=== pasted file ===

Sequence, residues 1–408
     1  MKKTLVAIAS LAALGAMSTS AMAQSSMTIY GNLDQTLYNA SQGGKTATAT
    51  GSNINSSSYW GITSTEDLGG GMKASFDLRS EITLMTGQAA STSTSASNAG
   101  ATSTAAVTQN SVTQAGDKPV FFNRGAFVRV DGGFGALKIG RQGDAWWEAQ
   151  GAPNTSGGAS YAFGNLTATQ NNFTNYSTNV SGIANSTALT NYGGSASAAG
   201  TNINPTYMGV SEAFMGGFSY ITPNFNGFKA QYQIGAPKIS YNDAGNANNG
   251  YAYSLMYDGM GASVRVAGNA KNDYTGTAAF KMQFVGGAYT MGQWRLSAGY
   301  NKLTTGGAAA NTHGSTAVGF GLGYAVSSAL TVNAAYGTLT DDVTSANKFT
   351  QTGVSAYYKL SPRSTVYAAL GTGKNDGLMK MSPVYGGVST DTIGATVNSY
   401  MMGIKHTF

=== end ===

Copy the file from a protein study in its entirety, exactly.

Sequence, residues 1–408
     1  MKKTLVAIAS LAALGAMSTS AMAQSSMTIY GNLDQTLYNA SQGGKTATAT
    51  GSNINSSSYW GITSTEDLGG GMKASFDLRS EITLMTGQAA STSTSASNAG
   101  ATSTAAVTQN SVTQAGDKPV FFNRGAFVRV DGGFGALKIG RQGDAWWEAQ
   151  GAPNTSGGAS YAFGNLTATQ NNFTNYSTNV SGIANSTALT NYGGSASAAG
   201  TNINPTYMGV SEAFMGGFSY ITPNFNGFKA QYQIGAPKIS YNDAGNANNG
   251  YAYSLMYDGM GASVRVAGNA KNDYTGTAAF KMQFVGGAYT MGQWRLSAGY
   301  NKLTTGGAAA NTHGSTAVGF GLGYAVSSAL TVNAAYGTLT DDVTSANKFT
   351  QTGVSAYYKL SPRSTVYAAL GTGKNDGLMK MSPVYGGVST DTIGATVNSY
   401  MMGIKHTF